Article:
Comics on Comics video – - an interview I did with Blair Marnell at the BEA.
I know the Book Expo America was weeks ago, but I’ve been slammed and haven’t had a chance to put up my photos until now…
BEA was all about graphic novels this year. Above is the Scholastic booth at the Book Expo America, where hundreds of bookbuyers and librarians lined up to get their advanced copies of BONE volume 8: Treasure Hunters signed. It was the kind of signing line I’m only used to seeing in San Diego at the Comic-Con international!
On Saturday morning, I was moderating the first ever BEA Graphic Novel Authors Breakfast, so I met early with Art Spiegelman and Janna Morishima to prepare.
Janna, who works with Diamond Book Distributors, organized the event and chose the panelists: Art Spiegelman, Mike Mignola, Jeph Loeb, and me. Four artists with very different styles and areas of expertise, ranging from the Underground to Mainstream, All ages to Hollywood. The thing we all had in common was an early desire to explore long form comics; comics that people now refer to almost off handedly as graphic novels.
In the days leading up to the breakfast, Art told me he had a power point presentation that briefly covered the history of comics and the things that led him to the art form. Sounded perfect, so we worked it into the panel.
Here we are going over the order of events and making sure I could follow his power point during my introductions.
People began to crowd into the room, and at one point, Mike Mignola wandered up to the podium and cracked us up as we fumbled with our technology.
The panel begins and Janna introduces us to the audience.
I start by stating my theory that 1986 was the Big Bang of graphic novels, a year that saw the release of MAUS by art spiegelman, THE DARK KNIGHT RETURNS by Frank Miller, and WATCHMEN by Alan Moore and Dave Gibbons. Also, I turned to the other guys and asked if any of them used the term graphic novel to describe what they do, or if they just call them comic books. Not sursprisingly (to me, anyway), they all answered "comic books."
Then I introduced Art’s power point.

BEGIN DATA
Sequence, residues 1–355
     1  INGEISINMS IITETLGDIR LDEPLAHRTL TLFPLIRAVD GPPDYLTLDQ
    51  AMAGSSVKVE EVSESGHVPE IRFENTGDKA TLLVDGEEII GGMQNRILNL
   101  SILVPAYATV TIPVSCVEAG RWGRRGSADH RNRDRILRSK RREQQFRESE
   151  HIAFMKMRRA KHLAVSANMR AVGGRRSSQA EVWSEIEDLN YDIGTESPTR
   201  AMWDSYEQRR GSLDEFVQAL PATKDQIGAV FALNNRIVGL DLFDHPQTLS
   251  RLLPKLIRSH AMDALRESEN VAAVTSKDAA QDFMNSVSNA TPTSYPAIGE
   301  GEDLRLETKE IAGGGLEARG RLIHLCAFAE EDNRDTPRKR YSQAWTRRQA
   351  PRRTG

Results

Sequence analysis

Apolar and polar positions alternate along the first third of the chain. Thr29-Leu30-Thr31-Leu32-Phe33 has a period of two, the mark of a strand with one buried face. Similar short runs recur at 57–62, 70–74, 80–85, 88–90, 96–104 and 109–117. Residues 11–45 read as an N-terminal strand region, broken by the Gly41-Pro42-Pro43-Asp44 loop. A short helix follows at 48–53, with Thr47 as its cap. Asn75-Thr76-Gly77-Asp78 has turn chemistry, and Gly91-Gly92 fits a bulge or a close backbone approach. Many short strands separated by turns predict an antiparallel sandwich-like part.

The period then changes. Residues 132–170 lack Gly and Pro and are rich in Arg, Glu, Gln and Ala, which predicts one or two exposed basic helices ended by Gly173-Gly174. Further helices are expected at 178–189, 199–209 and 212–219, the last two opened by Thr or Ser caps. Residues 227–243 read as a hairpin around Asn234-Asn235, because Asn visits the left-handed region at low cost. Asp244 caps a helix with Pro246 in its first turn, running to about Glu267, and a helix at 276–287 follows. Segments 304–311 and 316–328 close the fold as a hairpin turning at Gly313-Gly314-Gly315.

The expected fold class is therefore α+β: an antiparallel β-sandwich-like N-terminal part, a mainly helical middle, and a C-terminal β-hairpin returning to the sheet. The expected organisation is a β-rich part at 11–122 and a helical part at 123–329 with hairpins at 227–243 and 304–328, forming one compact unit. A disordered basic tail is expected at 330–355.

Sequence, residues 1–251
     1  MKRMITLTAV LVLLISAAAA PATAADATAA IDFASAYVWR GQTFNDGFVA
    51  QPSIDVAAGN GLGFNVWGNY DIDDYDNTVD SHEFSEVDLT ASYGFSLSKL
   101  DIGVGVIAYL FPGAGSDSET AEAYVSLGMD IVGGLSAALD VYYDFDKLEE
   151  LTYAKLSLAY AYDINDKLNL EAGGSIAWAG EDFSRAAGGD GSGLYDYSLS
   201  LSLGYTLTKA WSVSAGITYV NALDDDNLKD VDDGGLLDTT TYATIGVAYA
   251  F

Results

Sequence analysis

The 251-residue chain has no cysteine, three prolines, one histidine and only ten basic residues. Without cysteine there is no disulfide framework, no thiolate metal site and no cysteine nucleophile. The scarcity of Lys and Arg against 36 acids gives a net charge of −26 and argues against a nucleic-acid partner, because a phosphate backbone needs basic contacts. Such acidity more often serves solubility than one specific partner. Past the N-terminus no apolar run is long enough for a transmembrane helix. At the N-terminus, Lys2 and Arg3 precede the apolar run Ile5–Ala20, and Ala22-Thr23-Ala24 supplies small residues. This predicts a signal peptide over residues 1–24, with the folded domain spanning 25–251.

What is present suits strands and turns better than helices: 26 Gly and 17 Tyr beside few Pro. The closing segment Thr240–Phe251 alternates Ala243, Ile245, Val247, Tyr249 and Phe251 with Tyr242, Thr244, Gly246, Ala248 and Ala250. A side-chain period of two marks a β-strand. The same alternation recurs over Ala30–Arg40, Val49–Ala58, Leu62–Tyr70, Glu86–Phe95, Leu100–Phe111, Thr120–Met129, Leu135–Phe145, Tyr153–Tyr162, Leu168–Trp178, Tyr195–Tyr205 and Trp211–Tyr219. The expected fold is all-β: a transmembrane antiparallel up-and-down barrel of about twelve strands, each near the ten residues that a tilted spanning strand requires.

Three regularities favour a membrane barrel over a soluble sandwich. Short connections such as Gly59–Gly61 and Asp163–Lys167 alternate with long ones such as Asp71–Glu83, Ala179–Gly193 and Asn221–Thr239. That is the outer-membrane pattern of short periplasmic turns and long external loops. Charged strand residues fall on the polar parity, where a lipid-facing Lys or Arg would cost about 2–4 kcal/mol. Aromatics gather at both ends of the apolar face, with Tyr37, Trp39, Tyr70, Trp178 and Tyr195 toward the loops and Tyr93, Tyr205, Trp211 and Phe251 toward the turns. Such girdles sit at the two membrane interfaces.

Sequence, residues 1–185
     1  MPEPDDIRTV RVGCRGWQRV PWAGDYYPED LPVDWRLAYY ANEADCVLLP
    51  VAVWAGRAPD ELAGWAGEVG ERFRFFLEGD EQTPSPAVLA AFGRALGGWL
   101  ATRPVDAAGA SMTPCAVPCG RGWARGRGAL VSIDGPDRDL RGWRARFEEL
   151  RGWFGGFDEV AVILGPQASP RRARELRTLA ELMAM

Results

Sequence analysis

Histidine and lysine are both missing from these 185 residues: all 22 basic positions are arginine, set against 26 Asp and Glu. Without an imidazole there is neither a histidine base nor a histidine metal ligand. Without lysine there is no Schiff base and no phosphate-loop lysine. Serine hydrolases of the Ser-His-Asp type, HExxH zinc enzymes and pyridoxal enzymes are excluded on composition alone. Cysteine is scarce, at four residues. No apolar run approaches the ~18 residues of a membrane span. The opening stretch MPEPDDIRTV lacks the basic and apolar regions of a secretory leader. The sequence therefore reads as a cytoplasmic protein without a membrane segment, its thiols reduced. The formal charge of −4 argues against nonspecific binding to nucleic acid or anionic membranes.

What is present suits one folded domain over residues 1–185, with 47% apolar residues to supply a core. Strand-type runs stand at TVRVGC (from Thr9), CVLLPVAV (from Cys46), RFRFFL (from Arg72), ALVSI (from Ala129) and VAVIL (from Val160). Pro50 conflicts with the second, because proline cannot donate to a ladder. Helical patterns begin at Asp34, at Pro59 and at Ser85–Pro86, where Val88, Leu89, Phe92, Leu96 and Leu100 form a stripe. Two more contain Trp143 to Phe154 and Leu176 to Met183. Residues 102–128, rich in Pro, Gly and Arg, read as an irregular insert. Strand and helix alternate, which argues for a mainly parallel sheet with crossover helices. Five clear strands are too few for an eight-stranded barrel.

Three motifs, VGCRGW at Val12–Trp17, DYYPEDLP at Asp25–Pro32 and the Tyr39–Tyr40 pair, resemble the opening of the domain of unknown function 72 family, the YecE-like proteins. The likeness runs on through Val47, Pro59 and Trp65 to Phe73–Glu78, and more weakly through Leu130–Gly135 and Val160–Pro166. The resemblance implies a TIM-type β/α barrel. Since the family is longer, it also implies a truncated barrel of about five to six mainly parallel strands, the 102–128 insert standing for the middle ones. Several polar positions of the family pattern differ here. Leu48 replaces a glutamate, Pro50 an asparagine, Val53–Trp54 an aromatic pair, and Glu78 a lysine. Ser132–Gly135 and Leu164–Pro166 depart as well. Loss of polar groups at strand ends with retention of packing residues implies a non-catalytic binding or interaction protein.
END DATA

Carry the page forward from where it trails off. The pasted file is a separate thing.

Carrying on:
Art’s talk was funny, personal and really informative. It included some historical background as well as some breakdowns on how the art form itself works. Art’s really good at this, and the audience, mostly made up of bookstore people and librarians who have never heard of Dr. Wertham or Basil Wolverton, were eating it up. And as Spiegelman interwove his own formative experiences with comics, you could see the whole thing was going over really well.
Next we heard from Mike Mignola who talked about the joy of working in his studio at his desk, weaving folklore into his Hellboy tales, and his less than compelling (for him) experiences working with Hollywood.
Jeph Loeb on the other hand came from Hollywood and was delighted when he was first given the chance to work on comic books. His work with long time collaborator Tim Sale on Batman: The Long Halloween was one of the turning points in the Direct Market’s interest in mainstream graphic novels.
At one point, as the moderator, I was trying to bridge the gap between Hollywood and comics, and I mentioned the similarity between the visual techniques of comics and film, the developement of camera angles and even saying that I disagreed with people who don’t believe you should use film terms to describe comics techniques. I was thinking of Alan Moore, but Art jumped in saying he was getting aggravated – - he pointed out that comics didn’t need films in order to innovate; Rudolf Toeffler was doing cross-cutting before D.W. Griffith was a gleam in his father’s eye! Or something like that.
(I mention this because it gets a lot of play in almost every article written about the event. I think it was a really interesting and memorable moment – - in my defense, Art actually makes my point for me by using the term "cross-cutting" – - a word that comes from the movie industry and refers to the physical cutting of the film during editing – - but I let it go, because his larger point that comics are not a derivative or lesser art form was a good one for a broader non-comics audience. Also, Art and I argue like that just for fun even when we’re not on a panel!)
Anyway, the breakfast was a huge success. You can read more indepth coverage by clicking on the links at the end of this blog.
Afterwards, folks lined up to get some of their books signed to chat up the panelists. That’s PW’s Calvin Reid talking to Jeph Loeb.
During my signing at the Scholastic booth, Dick Robinson, President, Chairman and CEO of Scholastic stopped by.
Above, I’m recording a podcast for Ingram Book Group, the world’s largest wholesale book distributors. Once I get a link to the podcast, I’ll post it for anyone interested. Below, one of my favorite interviews of the weekend was this one for younger readers, but I’ve lost my notes on who this little girl was – - doesn’t matter, she was adorable. Again, if I get some more info, I’ll pass it on.
And last, but not least, signing right next to me during the official BEA autograph session was master guitarist Slash. Only at Book Expo…or, well, maybe Comic-Con International in San Diego, now that I think about it.
This ain’t the old days, that’s for sure.
Some related industry links:
An attendee’s view: